Green Ash (Fraxinus pennsylvanica) typically grows 50-70' tall with an irregular crown up to 45'. sometimes called River Ash often found in riparian zones along rivers and creeks, floodplain forests and even inundated swamps, but it is adaptable to and often found in other growing environments as well. Green ash typically has 7 leaflets and is so named because the color of its leaves is green on both the upper leaflet surfaces and the lower leaflet surfaces. Lateral leaflets gradually narrowed at base into a narrow wing that runs down the upper part of the leaflet stalk. It is extremely variable in twig and leaf pubescence. Leaflets sometimes toothed. Its winter buds are brown and the bud scars flat-topped, half circles. Leaves are medium to dark green and become yellow in fall.



Berlandier or Mexican Ash (Fraxinus berlandier) is found in moist canyons and stream banks in Central Texas to Trans-Pecos Texas; southward into Mexico where it is called Fresno or Plumero. A smaller round-topped tree rarely over 30' tall. Widely planted as an ornamental in west and southwest Texas and Mexico. The leaves are dark green and thickish, 3-5 leaflets, lancelot or obovate, entire or remotely serrate, glabrous above, glabrous below or a few axillary hairs beneath.


Gregg Ash (Fraxinus greggii) Trans-Pecos found on rocky hillsides and arroyo banks. usually shrubby, to 25'. Leaflets usually 3, sometimes 5-7, thick, olive green above paler beneath, winged.


Fragrant Ash (Fraxinus cuspidata) is found in well drained soil in high altitudes in trans-pecos and in Mexico in rocky canyons. Shrubby, small tree to 25', sometimes forming thickets. Leaflets are 5-7, remotely serrate, lancelot or narrowly ovate, dark green, glabrous above paler below. This ash is unique in having floral fragrance and petals.



The Arizona ash tree (Fraxinus velutina) is commonly called the velvet ash and can reach 50' in height, with a 45-60' open crown in ideal conditions. It is an introduced species often sold at nurseries. Native range is in the high mountains and canyons of the Trans-Pecos and along streams, rivers, and dry streambeds. Marketed as being fast growing and drought resistant, but often problem prone and not recommended in most locations. However, the tree will thrive in less than ideal situations such as urban pollution and poor draining soil. Leaflets 5-7, occasionally 3. The upside and underside of the leaf are often tomentose. The leaf margin is serrated. Fraxinus velutina is closely related to Fraxinus pennsylvanica (Green Ash). Foliage turns yellow in autumn.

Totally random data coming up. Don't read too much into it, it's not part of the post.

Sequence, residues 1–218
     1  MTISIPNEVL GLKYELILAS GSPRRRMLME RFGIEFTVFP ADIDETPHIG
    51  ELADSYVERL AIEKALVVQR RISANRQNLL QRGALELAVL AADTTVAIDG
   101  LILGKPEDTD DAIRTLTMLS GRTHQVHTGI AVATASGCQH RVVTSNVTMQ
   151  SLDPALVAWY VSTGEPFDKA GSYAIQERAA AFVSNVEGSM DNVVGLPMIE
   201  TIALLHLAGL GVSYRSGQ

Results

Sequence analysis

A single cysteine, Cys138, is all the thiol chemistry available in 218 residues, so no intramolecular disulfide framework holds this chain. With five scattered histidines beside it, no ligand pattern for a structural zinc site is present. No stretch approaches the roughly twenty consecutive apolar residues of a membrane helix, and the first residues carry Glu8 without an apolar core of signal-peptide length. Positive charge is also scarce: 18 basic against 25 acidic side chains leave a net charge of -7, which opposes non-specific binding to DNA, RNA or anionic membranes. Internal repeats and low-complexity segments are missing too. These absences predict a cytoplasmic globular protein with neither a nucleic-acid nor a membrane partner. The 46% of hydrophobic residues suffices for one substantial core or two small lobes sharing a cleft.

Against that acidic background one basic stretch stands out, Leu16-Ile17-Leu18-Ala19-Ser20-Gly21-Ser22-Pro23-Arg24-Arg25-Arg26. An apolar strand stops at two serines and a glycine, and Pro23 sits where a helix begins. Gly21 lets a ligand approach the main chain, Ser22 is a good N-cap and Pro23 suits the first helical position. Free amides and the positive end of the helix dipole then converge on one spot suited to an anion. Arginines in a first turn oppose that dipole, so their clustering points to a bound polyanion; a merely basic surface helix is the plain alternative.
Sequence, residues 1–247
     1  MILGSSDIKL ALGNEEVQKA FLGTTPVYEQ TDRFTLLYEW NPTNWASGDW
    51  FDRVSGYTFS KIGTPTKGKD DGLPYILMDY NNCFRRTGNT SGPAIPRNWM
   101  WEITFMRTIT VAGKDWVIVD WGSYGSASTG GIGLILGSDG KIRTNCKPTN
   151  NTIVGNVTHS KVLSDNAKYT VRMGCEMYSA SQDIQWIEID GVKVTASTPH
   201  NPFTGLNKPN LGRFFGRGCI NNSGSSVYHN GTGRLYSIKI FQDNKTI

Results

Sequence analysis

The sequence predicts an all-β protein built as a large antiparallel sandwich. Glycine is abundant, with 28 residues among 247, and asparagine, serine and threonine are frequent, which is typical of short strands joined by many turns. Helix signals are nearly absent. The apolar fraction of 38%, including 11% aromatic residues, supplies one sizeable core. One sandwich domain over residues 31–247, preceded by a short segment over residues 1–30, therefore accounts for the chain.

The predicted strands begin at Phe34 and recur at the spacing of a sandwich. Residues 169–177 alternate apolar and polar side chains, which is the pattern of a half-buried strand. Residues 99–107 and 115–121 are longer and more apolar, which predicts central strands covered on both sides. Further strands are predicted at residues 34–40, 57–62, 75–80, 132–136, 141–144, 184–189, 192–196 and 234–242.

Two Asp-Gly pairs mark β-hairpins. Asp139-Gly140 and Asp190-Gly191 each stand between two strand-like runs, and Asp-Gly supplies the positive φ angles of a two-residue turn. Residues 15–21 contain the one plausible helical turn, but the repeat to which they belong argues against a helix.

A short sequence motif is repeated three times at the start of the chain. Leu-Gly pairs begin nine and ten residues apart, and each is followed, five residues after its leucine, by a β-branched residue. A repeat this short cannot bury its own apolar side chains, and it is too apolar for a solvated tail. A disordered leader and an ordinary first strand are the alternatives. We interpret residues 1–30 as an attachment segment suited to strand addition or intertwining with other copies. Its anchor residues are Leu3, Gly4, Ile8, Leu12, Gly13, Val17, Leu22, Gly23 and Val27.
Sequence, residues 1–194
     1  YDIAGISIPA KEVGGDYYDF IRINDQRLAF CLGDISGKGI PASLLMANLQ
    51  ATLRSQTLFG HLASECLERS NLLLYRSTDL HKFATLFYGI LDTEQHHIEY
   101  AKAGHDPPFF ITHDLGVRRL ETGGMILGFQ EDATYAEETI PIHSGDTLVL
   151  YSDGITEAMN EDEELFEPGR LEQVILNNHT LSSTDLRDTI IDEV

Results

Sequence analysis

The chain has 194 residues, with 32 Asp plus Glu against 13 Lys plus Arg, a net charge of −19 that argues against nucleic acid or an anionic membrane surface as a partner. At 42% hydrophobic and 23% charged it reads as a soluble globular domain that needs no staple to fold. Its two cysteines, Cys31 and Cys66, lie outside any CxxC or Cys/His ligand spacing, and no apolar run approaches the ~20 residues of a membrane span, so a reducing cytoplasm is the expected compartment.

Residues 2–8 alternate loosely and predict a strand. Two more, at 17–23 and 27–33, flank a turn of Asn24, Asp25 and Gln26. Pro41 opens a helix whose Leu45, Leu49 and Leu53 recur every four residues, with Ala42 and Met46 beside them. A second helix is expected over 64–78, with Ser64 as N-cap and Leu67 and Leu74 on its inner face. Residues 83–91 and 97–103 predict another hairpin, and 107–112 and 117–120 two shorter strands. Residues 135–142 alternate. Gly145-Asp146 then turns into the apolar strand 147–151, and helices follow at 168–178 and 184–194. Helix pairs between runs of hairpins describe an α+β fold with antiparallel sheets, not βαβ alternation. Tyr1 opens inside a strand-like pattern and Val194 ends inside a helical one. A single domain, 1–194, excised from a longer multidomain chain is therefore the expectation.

Fraxinus americana range


Fraxinus texensis range


Fraxinus pennsylvanica range


Fraxinus berlandier range


Fraxinus cuspidata range

Fraxinus velutina range

Posted on January 17, 2019 05:27 PM by lanechaffin lanechaffin | 0 comments | Leave a comment

Identifying Redbuds

The botanical name for the Eastern, or American redbud is Cercis canadensis, and it is a member of the pea family, Fabaceae. Some taxonomists consider both the Texas redbud (Cercis canadensis var. texensis) and the Mexican redbud (Cercis canadensis var. mexicana) natural localized variations of the American redbud.
In East Texas, in well-drained acidic soil, with regular moisture, the Eastern redbud (Cercis canadensis canadensis) in its typical form is found. It can be identified by its medium sized, dull green leaves, which, like all redbuds, emerge after the blossoms have fallen.


In Central Texas and southern Oklahoma, Texas redbud (Cercis canadensis texensis, formerly C. reniformis) is identified by its medium sized, glossy-green leaves and its ability to tolerate drier, more alkaline soils. more suited to the harsher conditions of Dallas-Fort Worth, Austin and San Antonio landscapes.


The Mexican redbud (Cercis canadensis mexicana) is found in west Texas and northern Mexico, having smaller leaves with wavy margins.


All of these native redbuds have similar flowers in early spring. Typical redbud flowers are, of course, not red. They are normally in the purple-pink range, but also can be rosy pink or white.


Cercis canadensis range map

Posted on January 17, 2019 02:50 PM by lanechaffin lanechaffin | 0 comments | Leave a comment

January 04, 2019

Id these sometimes difficult trees

*Ailanthus altissima (Tree of Heaven, Chinese Sumac)- Leaves alternate, aromatic, usually odd pinnate, 9-41 leaflets, entire leaf margin except near the base where 1-2 pairs of blunt dentate teeth usually occur, fall color yellow. flowers in spring, fruit samara. polygamo-dioecious. Introduced/non-native/escapes cultivation/invasive. https://www.austintexas.gov/sites/default/files/files/Watershed/invasive/2013_Invasives_guide_small.pdf


*Sapindus saponaria L. var. drummondii (Western Soapberry, Jaboncillo)- Leaves alternate, not aromatic, usually odd pinnate, rachis may be winged. 9-18 leaflets (terminal often absent), entire leaf margin, veins of leaflets off center fall color yellow. flowers in spring. fruit translucent amber drupe. dioecios. Texas native. often suckers and forms groves.


*Pistacia chinensis (Chinese Pistache) - Leaves alternate, slightly aromatic, usually even pinnate, occasionally will have terminal leaflet, esp on sapling trees. 10-16 leaflets, entire leaf margin, fall color orange/red. flowers in spring before leaves, fruit is small red drupe turns blue when ripe. dioecious. Introduced/non-native/escapes cultivation/invasive


*Rhus lanceolata (Prairie Flameleaf Sumac)- Leaves alternate, aromatic, odd pinnate, rachis may be winged. 9-21 leaflets, typically 13-17, entire leaf margin, or with small teeth, fall color red. flowers in late spring early summer, fruit red-brown drupe in tight cluster. diocecios. Texas native.


*Juglans nigra (Eastern Black Walnut)- Leaves alternate, aromatic, odd pinnate 13-23 leaflets, finely serrate leaf margin, fall color yellow. flowers in spring catkins, fruit is round nut. monoecious. Texas native.

Posted on January 04, 2019 09:28 PM by lanechaffin lanechaffin | 2 comments | Leave a comment